Part IV – Chapter 2, “The Body and the Liturgy”,
Pt 2, pp 177-184. (2000. Ignatius Press)
The most basic Christian gesture in prayer is and always will be the Sign of the Cross. It is a way of confessing Christ crucified with one’s very body, in accordance with the programmatic words of Saint Paul: “We preach Christ crucified, a stumbling block to Jews and folly to Gentiles, but to those who are called, both Jews and Greeks, Christ the power of God and the wisdom of God” (I Cor 1:23f). Again he says: “I decided to know nothing among you except Jesus Christ and Him crucified” .
To seal oneself with the Sign of the Cross is a visible and public Yes to Him who suffered for us; to Him who in the body has made God’s love visible, even to the utmost; to the God who reigns not by destruction but by the humility of suffering and love, which is stronger than all the power of the world and wiser than all the calculating intelligence of people.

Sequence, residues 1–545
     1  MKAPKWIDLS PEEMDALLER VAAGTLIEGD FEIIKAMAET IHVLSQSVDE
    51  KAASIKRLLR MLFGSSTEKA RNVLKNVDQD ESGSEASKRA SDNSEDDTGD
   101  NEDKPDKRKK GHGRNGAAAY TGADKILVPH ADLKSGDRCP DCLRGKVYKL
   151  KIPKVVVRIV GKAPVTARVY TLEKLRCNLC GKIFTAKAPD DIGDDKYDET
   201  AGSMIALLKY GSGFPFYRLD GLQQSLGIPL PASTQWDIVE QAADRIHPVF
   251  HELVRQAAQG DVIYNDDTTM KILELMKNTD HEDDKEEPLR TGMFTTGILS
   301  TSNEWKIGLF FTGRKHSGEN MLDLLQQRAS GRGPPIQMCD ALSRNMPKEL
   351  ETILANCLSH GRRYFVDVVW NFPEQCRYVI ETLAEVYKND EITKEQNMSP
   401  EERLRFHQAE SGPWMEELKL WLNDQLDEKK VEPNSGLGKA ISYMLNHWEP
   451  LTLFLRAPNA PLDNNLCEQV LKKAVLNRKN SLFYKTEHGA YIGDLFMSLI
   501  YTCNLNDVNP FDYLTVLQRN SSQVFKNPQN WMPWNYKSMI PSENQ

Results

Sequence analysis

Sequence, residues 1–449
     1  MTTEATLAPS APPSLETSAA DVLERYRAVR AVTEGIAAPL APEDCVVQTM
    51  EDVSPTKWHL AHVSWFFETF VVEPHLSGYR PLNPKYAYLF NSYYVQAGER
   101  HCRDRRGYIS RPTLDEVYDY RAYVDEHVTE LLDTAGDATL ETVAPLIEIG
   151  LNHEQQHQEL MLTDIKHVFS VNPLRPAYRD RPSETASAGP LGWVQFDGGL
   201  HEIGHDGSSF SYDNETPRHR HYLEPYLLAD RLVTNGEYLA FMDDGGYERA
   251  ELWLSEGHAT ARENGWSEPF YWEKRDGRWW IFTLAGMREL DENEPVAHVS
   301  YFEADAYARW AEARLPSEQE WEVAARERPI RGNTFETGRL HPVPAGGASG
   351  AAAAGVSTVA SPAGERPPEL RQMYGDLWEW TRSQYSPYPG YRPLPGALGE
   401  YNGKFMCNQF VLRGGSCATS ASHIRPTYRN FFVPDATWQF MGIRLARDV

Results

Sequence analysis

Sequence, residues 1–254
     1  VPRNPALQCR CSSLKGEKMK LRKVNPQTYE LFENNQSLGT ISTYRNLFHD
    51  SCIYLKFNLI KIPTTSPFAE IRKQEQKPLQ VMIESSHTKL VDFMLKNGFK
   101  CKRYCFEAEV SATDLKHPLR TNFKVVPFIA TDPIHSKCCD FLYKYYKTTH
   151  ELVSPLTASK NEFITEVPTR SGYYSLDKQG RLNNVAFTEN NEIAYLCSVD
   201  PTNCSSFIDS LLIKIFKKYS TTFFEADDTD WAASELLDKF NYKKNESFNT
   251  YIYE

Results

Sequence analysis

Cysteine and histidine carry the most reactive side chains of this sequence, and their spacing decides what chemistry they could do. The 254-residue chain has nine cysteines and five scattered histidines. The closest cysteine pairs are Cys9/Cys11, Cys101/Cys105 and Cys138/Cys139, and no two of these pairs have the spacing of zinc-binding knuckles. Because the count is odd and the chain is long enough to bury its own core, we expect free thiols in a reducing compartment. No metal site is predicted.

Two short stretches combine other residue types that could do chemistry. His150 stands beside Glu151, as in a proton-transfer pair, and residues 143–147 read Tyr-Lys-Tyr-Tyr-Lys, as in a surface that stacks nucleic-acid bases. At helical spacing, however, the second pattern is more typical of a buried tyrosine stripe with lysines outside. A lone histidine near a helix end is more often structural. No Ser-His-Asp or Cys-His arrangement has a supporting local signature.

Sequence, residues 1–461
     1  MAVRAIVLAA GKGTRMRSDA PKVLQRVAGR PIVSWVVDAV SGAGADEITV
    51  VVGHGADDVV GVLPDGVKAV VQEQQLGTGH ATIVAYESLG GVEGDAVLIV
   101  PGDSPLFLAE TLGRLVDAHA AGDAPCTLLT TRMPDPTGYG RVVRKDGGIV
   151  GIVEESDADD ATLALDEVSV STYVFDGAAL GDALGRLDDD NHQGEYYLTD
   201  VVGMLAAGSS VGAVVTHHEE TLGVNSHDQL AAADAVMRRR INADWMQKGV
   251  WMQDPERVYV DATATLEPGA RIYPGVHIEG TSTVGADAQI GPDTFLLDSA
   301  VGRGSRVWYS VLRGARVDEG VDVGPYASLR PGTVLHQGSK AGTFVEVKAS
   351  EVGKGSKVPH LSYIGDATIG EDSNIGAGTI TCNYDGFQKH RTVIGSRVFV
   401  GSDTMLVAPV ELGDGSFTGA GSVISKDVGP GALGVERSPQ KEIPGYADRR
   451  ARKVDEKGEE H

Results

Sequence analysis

The Sign of the Cross is a confession of faith: I believe in Him who suffered for me and rose again; in Him who has transformed the sign of shame into a sign of hope and of the love of God that is present with us.
The confession of faith is a confession of hope: I believe in Him who in His weakness is the Almighty; in Him who can and will save me even in apparent absence and impotence. By signing ourselves with the Cross, we place ourselves under the protection of the Cross, hold it in front of us like a shield that will guard us in all the distress of daily life and give us the courage to go on. We accept it as a signpost that we follow: “If any person would come after me, let them deny themselves and take up their cross and follow me” (Mk 8:34). The Cross shows us the road of life — the imitation of Christ.
We connect the sign of the Cross with confession of faith in the triune God — the Father, the Son, and the Holy Spirit. In this way it becomes a remembrance of Baptism, which is particularly clear when we use holy water with it.